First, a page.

Urban Downsizing and Reinvention

A friend directed me to this article about urban blight in the New York Times. I was fascinated at what’s happening in this country due to the economy! After a little research, I found that urban centers in other parts of the world are going through big changes, too. The common thread is that they are dealing with loss of jobs, foreclosures, and residents moving away to find work and start over. The result is thousands of vacant homes and multi-family buildings, as well as reduced tax bases. Urban populations are getting smaller, some as much as 25% over the past decade or so.

How are city governments handling it? Urban planning is based on growth and expansion, not shrinkage. Buildings are being razed, but what’s done with the open land varies from city to city.

New York City Urban Renewal 1

In New York City, this walkway (The High Line) was created from the remnants of an old railway line.

Image: CristinaMuraca / Shutterstock.com

Some municipalities are embracing this new phenomenon. They would like to concentrate residents in neighborhoods that are most livable, near conveniences and with stable infrastructure. Others would like to rebuild their cities to attract and accommodate a new demographic. Baltimore, for instance, wants to appeal to same sex couples, since they can now be legally married in Maryland.

New Growth

I see this as an opportunity for cities to redefine themselves and become environmentally sustainable and people-friendly. By razing empty buildings, green space can be created. Aside from improving the quality of life of the residents, plants take in CO2 and convert it to oxygen, reducing air pollution. Parks and recreation areas can house education facilities to teach children (and adults!) about the local ecosystems, plants, animals, soil, water and resource conservation.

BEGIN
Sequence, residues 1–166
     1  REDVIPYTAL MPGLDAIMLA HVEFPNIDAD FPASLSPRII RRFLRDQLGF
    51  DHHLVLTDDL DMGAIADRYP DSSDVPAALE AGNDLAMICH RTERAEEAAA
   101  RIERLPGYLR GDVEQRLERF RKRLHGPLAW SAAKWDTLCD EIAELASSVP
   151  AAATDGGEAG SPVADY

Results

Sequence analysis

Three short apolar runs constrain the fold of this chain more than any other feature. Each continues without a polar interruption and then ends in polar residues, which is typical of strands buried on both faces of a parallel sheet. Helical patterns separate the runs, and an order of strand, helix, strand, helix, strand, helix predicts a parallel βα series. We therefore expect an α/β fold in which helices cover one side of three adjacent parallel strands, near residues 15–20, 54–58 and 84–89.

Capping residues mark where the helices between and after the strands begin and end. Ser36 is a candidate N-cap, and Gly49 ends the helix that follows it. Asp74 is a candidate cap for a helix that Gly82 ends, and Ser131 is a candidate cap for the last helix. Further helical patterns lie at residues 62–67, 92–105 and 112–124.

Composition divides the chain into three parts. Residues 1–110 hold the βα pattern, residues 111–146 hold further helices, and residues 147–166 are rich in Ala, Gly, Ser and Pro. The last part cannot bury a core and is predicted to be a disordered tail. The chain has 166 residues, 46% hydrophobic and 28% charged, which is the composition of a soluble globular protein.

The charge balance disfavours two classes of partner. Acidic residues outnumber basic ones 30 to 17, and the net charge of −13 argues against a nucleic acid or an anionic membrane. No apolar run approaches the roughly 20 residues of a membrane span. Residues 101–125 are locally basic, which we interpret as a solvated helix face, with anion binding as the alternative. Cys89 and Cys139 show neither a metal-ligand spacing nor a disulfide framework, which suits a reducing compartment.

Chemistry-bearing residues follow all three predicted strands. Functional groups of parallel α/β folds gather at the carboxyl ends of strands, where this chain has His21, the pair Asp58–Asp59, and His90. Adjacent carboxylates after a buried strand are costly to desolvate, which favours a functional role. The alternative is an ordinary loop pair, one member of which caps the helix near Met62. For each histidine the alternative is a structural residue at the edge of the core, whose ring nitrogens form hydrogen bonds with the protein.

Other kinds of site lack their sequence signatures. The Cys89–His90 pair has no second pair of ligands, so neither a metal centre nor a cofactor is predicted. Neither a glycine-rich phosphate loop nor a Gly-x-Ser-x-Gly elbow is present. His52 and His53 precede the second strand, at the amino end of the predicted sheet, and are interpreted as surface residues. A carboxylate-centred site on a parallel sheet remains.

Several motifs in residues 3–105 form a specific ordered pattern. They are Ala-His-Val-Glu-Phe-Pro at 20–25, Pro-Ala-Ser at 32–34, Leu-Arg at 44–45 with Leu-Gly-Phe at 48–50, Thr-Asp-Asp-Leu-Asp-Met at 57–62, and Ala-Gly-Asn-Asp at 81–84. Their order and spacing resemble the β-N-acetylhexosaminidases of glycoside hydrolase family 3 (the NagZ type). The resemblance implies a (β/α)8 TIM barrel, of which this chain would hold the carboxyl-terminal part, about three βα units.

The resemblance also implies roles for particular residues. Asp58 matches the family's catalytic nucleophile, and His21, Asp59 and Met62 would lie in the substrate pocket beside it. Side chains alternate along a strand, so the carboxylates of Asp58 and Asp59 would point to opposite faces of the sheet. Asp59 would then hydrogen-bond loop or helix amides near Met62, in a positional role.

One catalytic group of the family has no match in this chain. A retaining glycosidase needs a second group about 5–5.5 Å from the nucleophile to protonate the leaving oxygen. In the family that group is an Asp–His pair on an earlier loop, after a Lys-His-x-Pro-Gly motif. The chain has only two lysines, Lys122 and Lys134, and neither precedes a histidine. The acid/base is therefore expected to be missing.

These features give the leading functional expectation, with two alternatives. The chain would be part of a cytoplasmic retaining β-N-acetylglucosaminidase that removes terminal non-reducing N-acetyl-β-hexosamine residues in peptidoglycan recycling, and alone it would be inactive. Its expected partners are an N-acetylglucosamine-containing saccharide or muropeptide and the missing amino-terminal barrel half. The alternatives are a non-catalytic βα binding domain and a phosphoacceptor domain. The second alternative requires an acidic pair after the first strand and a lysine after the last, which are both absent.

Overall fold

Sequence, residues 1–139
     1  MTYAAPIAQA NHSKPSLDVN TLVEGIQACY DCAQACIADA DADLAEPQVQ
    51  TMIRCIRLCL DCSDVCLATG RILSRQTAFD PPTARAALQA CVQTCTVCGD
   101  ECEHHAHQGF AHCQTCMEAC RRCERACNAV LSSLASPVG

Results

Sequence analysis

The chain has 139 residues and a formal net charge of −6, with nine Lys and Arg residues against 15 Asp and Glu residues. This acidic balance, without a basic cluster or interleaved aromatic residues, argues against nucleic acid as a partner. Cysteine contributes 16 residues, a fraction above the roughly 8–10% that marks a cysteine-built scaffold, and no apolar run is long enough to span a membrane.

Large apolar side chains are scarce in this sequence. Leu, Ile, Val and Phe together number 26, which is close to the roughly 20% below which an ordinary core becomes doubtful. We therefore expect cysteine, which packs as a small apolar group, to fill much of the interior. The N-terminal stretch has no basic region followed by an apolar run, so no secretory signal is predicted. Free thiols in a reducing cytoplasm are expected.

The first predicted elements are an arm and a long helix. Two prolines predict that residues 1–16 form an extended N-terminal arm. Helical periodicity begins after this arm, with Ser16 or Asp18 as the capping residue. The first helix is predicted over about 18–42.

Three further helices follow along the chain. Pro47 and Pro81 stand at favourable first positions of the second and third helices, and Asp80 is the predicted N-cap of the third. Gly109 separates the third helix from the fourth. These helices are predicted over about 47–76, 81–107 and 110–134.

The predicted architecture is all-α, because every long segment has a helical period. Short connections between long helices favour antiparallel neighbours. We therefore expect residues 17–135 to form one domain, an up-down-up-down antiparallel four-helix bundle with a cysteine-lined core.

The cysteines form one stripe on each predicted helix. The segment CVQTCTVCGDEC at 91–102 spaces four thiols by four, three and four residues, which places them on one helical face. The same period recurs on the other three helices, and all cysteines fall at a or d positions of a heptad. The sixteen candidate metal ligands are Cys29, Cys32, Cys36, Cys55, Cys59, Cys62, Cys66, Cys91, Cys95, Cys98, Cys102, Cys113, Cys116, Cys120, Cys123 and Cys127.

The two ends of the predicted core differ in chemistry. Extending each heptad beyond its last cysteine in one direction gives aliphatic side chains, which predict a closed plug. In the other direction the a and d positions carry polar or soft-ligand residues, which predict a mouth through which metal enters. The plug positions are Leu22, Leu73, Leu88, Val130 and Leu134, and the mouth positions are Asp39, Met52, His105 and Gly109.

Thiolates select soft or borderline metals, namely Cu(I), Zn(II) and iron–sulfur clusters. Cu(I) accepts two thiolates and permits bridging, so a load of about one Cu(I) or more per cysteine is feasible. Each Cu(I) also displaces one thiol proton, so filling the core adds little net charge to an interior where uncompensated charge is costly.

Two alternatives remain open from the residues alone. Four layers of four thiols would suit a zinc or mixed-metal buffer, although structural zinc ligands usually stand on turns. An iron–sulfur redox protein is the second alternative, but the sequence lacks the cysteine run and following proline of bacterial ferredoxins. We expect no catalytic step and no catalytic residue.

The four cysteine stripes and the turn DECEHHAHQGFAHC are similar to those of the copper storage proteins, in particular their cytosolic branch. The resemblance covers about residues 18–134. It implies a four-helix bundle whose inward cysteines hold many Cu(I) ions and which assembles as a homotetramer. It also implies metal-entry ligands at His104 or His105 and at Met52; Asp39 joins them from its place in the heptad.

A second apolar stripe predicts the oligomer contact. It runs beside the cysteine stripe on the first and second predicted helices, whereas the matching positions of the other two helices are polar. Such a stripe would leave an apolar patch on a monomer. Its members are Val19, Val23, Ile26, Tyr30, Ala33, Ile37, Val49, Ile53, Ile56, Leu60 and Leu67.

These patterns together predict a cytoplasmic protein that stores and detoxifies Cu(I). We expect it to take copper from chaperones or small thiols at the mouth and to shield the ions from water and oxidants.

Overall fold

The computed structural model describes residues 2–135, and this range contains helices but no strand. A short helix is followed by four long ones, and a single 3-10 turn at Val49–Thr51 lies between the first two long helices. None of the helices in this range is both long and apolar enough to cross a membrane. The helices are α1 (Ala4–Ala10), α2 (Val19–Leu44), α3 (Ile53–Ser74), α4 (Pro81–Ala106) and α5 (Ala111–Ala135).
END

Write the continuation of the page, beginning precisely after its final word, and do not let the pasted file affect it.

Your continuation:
Empty lots can be turned into urban farms or community gardens. Fresh food in cities has traditionally been hard to come by. Residents would be able to grow their own food, especially if they have specific cultural needs. They can meet others in the community, and maybe sell their surplus for some extra spending money.

Reducing the size of the city’s footprint results in a higher density population. That means a more walkable and bike friendly city as homes, schools, stores and jobs are all close by. Less need for fossil fuel-based transportation equals fewer sources for CO2 emissions.

Saving Money

Smaller cities also cost less to run and maintain. There would be less infrastructure and fewer roads to repair, property taxes would be lower, police and firefighters would have a smaller area to cover, and money previously spent on abandoned neighborhoods could be used to revitalize the most livable areas.

Crime would go down while employment and property values would go up. With statistics like that, new residents would be drawn back to the city.

Since it’s cheaper to raze a building than maintain it, city governments should take advantage of this new situation of the 21st century. Create smaller, eco-friendly cities that are more amenable to its residents. The argument that cities that are expanding are thriving seems outdated to me.

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